I sang those words to the best of my ability, according to the measure of forgiveness I understood that I needed. Twenty years ago, it applied to my life as a young mother and a new Christ-follower.. A decade later, with my marriage shattered in pieces and my family devastated, those words poured from my lips again, rooted in the desperate and unpleasant knowledge that my capacity for sin far outweighed my understanding of the need for mercy. The mercy I needed, the forgiveness I craved, was much more than I’d ever understood before.
I was so moved by Angie’s description of her daily request, in the minute details of her days, that God would create in her a pure heart. This, I think, is an excellent way to live; taking the specifics of life before the one we believe created all life in a plea for assistance. No, not for assistance, but something more specific: for cleansing.
The metaphor in this psalm goes on to speak of cleansing, washing so that we would be “whiter than snow”. That’s an interesting request for those of us living in this day and age, when what ricochets around us in our culture leaves streaks and stains that have become imperceptibly acceptable. We grin and bear it, shy away from labeling anything as “sin” lest we offend others or find ourselves staring down accusations of being judgmental.
I can explain away most of my actions. I live in my head enough to recognize that my worst behaviors are often reactions, habits, crutches, things born of weakness and insecurity. The word “sin” is such a harsh label; it speaks of something dark and so wrong, without explanation or excuse. It’s a bit easier to contemplate motivation and psychology, ask for forgiveness and move on towards better choices and a more redemptive way of life. I have heard enough hellfire and brimstone, full of legalistic challenges and condemnation. I’ve heard it from the pulpit in the past and I hear and see it today from religious folks who fill the airways and the internet with labels and proclamations. Identifying the sin of others allows us to separate ourselves, draw black and white lines of division and set up a clear choice for who wins and who loses.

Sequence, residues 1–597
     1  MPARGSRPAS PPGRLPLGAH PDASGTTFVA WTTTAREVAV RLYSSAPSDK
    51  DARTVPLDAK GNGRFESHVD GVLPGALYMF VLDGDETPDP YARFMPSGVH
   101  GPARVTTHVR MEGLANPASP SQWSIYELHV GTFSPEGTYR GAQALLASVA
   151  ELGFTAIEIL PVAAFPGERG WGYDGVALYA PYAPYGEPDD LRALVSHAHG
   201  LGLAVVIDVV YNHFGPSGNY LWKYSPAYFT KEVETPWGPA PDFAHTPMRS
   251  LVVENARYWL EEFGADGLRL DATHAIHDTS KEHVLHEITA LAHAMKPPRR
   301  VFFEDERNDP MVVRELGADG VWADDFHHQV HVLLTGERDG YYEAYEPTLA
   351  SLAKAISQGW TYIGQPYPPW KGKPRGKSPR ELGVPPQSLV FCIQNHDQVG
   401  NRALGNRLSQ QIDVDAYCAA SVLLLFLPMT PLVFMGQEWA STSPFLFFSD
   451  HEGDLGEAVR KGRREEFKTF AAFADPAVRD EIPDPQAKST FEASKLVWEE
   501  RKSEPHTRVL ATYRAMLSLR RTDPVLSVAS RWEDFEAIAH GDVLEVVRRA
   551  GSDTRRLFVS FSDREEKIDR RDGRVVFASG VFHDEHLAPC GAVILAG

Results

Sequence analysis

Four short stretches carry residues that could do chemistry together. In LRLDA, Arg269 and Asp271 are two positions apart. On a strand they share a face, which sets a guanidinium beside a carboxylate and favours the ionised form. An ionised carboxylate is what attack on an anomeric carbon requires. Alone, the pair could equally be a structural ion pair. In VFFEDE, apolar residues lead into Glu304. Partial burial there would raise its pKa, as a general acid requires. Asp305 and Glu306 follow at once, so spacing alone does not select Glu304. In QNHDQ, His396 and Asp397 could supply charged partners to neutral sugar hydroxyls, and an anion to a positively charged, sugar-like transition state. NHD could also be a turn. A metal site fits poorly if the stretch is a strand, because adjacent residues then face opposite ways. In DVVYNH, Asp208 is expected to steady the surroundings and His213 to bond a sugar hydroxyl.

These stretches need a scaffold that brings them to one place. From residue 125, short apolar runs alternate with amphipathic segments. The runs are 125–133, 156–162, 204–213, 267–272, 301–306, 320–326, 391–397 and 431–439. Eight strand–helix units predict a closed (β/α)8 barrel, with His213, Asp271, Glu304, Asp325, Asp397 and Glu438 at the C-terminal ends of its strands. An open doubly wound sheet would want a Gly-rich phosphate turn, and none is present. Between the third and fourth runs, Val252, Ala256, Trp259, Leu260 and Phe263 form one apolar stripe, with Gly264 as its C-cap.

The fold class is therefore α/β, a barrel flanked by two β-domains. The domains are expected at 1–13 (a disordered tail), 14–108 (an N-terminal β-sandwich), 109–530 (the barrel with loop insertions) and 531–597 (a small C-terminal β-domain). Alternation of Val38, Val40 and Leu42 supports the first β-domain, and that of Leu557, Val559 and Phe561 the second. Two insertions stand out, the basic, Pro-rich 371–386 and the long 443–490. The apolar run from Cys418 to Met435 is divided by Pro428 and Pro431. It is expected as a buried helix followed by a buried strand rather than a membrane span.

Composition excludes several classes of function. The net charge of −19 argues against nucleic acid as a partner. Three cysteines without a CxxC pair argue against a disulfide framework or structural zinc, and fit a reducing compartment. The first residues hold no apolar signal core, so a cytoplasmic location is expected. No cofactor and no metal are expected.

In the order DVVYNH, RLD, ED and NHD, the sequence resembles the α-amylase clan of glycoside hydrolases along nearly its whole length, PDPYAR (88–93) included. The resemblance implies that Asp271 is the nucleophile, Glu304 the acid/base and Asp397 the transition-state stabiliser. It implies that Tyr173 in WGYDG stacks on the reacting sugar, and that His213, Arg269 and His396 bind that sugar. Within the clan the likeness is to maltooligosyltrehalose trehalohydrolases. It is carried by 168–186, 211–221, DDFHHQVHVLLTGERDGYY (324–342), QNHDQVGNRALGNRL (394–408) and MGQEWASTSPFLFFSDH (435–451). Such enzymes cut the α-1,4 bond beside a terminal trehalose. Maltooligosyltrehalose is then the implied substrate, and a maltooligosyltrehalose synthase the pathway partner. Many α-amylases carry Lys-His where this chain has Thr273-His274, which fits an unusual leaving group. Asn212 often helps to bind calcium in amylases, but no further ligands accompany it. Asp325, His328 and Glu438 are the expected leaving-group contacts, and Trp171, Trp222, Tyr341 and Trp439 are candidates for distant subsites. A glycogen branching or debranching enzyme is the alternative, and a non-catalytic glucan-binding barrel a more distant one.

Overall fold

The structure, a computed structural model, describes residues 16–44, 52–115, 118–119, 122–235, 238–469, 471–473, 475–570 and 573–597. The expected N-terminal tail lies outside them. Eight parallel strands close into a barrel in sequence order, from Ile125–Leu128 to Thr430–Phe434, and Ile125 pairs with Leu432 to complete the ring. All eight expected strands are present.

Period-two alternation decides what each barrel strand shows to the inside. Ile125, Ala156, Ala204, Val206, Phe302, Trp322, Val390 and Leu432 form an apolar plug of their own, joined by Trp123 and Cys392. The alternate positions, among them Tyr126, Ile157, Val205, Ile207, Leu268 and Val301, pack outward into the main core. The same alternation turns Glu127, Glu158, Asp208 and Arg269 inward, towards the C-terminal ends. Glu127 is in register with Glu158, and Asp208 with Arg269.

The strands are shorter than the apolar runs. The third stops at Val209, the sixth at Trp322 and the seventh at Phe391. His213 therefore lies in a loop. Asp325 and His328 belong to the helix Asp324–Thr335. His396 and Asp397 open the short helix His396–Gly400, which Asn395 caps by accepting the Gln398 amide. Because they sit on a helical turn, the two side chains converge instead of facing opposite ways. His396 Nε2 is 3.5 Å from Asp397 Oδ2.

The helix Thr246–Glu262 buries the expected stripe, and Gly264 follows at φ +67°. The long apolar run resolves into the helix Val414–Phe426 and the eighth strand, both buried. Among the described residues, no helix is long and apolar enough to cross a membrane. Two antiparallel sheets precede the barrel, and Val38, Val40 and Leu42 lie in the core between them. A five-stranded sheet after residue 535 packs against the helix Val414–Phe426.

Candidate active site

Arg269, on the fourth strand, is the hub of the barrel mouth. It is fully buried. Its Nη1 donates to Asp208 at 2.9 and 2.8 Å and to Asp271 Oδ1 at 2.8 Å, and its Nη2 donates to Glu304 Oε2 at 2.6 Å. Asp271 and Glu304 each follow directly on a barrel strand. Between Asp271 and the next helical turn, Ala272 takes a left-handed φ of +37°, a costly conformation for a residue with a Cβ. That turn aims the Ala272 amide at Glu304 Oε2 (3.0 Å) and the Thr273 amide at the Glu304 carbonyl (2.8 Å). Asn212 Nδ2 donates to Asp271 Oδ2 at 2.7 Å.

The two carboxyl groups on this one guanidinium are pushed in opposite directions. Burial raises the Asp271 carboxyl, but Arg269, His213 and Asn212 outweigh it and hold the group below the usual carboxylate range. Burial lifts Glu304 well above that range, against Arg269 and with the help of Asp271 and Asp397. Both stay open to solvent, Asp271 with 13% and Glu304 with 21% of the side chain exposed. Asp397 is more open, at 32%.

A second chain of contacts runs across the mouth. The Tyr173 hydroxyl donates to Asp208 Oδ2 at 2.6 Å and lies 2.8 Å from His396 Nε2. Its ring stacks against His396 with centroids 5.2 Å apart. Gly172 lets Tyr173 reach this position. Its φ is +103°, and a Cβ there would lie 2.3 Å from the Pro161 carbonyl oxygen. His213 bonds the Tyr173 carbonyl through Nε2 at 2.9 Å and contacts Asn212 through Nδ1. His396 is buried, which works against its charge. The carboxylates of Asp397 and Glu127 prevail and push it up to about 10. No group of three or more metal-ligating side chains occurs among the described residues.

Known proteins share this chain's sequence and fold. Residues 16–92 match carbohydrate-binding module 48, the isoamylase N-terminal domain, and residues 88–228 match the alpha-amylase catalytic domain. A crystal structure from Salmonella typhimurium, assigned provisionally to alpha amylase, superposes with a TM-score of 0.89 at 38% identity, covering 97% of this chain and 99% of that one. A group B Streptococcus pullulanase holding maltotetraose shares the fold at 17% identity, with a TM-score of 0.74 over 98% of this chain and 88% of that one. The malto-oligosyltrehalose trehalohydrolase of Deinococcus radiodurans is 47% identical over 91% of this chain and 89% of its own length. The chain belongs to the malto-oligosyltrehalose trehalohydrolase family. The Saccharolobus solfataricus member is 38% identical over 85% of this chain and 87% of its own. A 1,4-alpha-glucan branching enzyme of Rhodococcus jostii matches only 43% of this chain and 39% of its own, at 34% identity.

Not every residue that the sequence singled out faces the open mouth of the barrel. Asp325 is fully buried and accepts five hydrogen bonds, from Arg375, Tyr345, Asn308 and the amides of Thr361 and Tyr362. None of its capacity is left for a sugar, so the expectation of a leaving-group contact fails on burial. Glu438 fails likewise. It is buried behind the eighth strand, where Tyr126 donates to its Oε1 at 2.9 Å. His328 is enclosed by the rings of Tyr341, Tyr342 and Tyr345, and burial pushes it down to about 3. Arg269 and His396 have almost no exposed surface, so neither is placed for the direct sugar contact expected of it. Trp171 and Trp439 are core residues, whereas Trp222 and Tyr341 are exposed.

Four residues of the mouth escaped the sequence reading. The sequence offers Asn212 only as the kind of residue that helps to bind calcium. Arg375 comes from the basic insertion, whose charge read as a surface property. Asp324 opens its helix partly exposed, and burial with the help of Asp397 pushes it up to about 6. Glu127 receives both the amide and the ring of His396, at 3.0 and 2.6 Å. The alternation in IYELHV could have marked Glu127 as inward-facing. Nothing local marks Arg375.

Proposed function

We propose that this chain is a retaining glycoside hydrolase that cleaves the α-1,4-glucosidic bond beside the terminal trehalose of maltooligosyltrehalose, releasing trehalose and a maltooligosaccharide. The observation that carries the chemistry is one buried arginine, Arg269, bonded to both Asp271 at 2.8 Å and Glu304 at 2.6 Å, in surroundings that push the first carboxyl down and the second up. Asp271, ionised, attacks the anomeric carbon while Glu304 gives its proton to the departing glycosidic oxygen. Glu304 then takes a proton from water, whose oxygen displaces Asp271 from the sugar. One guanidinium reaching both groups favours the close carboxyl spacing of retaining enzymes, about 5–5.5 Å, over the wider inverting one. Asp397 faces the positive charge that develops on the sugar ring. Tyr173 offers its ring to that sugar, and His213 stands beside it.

I believe in the gray areas; I believe in the love and grace that Jesus offered, in the questions he asked and the direction he gave.
But there is this hitch, this issue of sin. Somewhere, somehow, we must identify what it means to fall short, to transgress, to have need for cleansing. If we don’t know why we need it, what’s the point in asking for a pure heart and a steadfast spirit?
Too often, we are willing to settle for cheap grace. We glow with the promise of love from a faithful God, we accept the invitation to salvation, to community, to restoration and redemption. But unless we are willing to acknowledge that we need this restoration – there is little need for redemption to mean anything other than a warm, fuzzy feeling; a pat on the head, a gold star on our efforts.
There is this: I long for a clean heart and a steadfast spirit. I am inspired to live my days in the midst of this need, asking – as Angie does – for help in the specific moments. But I am convinced that there is an underlying truth to my understanding that I shouldn’t cuss at the guy who cuts me off in traffic, or roll my eyes at the lady in the check-out line who is taking FOREVER, or my tendency to be selfish with money. And so on.
We’re not basically good. We’re basically wired to survive, to accommodate our lusts, to please ourselves. As my friend John Ivins said in his message last year, we want what we want. We need to be refined.
We need redemption. That, I believe, is the point of the story, the reason Jesus came, the reason we acknowledge him to be at the core of our salvation from ourselves.
Asking for a pure heart comes with an understanding that we need help. Towards the end of this psalm, David says, “My sacrifice, O God, is a broken spirit; a broken and contrite heart you, God, will not despise.”
Here’s to our brokenness.
May it lead to pure hearts, steadfast spirits and a world changed by people willing to live out grace.
Boy, do I remember being in Angie’s shoes! At one point in my life I was parenting four kids under the age of five. It was insane.
Really. Insane. At that point, a person simply does not have enough hands or hips to manage that many little people. You move on a wing and a prayer and learn to give direction with any number of menacing, encouraging or happy facial expressions.
As a mother with young children, the idea of Sabbath was something of a joke to me. The most peaceful moments I found were pushing a shopping cart through the aisles of a Super Walmart at 10PM, when the kids were in bed and their dad was at home. I escaped with Cap’n Crunch and the delicious freedom of focusing on what brand of pasta was the best buy that week. It was a moment or two; maybe an hour at the most, but it was my time, and I found a small measure of peace in it.
A lot of years were like that. I’ve never been one to relish the early hours before dawn; I’d rather sleep. When my kids napped, I tried to nap. And I’m not sure I ever got into the practice of anything remotely resembling Sabbath in the truest sense.